Attica Locke was nominated twice for the Bailey’s (previously Orange) Prize for Fiction. As creativity appears to be a key element in the history of the prize I am not surprised two detectives, literary detectives to be more precise, have made it to the shortlist (2010) and longlist (2016). My main issue with both novels: I’ve read better detectives. In both novels murders are committed and solved, in both novels lawyer Jay Porter is involved. What sets the novels apart from ordinary crime novels is the way Locke depicts the African-American society in which both murders take place. In Black Water Rising it is the African-American community in Houston, Texas in the seventies, that no longer has to face legal segregation. It has started to come up for its rights and to proclaim to be proud to be ‘black’. It is also the time in which Porter is rightfully scared of ‘the powers that be’. Many of his fellow college graduates, like him fighting for the ‘black’cause in the sixties, have ended up in jail on farfetched charges. CIA and FBI turn out to remember long and well. It explains Porters reluctance to go and tell about a murder he heard commit. He was once framed and almost sentenced for a crime he did not commit, he is scared to death CIA, FBI or police will finally find a reason to put him behind bars. To no avail: he gets sucked into the case. In Pleasantville we have moved some 15 years on. The close African-American society of Pleasantville has started to fall apart. Even the possible election of the first African-American mayor coming from theirs midst does not prevent Pleasantville from drifting apart. Times have definitely changed. The wealthier inhabitants of Pleasantville have left and moved to more well-to-do areas, poor Americans from different communities are drifting in. And are not exactly welcomed with open arms. Pleasantville has literally been surrounded by freeways and chemical factories. Many inhabitants are counting on Jay Porter to sue one of those chemical giants and win them a lot of money in settlements. When the nephew of the African-American candidate is charged with murder, Porter decides to defend him. Once more he faces a web of intrigue and opposing interests, while still having to cope with the recent death of his wife.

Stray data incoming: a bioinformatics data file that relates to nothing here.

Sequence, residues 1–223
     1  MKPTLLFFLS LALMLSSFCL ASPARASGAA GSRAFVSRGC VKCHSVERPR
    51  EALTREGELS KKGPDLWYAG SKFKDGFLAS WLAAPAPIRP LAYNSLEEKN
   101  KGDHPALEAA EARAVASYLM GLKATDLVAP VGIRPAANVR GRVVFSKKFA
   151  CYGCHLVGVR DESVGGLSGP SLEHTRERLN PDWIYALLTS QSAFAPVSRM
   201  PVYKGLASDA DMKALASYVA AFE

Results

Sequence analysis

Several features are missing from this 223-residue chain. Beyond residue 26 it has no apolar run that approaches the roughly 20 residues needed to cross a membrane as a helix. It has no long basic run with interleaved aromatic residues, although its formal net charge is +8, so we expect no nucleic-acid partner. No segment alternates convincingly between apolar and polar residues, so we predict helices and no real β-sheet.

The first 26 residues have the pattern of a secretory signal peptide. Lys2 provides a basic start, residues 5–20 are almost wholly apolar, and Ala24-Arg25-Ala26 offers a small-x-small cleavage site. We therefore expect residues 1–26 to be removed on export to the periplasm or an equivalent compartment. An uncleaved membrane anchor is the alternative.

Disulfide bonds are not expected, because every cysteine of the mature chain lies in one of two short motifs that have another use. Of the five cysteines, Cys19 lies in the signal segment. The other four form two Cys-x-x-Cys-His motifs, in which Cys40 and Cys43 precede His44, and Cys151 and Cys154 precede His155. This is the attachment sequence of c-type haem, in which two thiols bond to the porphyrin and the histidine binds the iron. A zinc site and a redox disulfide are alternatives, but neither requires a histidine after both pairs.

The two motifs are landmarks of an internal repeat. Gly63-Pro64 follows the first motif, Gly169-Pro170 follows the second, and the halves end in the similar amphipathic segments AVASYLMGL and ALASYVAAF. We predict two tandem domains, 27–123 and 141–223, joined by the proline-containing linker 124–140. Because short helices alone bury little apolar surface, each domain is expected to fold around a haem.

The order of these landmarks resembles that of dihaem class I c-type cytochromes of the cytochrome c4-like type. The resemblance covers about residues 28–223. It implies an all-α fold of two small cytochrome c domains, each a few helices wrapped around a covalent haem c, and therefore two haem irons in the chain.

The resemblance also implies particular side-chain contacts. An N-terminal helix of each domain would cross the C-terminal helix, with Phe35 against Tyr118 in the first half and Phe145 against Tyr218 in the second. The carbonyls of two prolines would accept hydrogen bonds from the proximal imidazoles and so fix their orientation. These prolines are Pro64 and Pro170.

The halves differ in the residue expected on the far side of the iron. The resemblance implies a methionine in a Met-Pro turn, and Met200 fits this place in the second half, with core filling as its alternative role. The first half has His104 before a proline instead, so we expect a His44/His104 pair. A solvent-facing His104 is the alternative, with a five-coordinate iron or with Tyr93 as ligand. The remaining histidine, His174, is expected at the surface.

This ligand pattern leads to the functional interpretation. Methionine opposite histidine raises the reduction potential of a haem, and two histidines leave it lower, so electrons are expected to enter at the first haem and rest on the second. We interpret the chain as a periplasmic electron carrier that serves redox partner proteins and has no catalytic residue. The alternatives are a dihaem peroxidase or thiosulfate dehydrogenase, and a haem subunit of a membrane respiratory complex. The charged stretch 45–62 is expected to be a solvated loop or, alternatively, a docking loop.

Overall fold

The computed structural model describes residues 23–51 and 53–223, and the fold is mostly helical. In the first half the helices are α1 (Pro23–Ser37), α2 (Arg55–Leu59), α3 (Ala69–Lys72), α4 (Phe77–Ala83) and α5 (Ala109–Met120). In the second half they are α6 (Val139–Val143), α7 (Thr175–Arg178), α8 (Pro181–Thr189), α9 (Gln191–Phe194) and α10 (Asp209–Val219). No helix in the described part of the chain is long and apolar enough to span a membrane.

In both novels the murders are solved thanks to Jay Porter. In both novels the changes in African-American society are what makes them stand out from ‘plain’ crime novels.
Locke depicts the sense of unity in the community, she also shows the long-lasting effects of racial discrimination on such a community, causing discrimination of other communities in its stride. Locke does not hide that the injustices from the past are leading to new injustices. Black Water Rising en Pleasantville are definitely not the best detectives I’ve ever read. They do make me wonder what’ll be the outcome if Locke lets the murders be and just concentrates on writing novels that focus on people and their communities.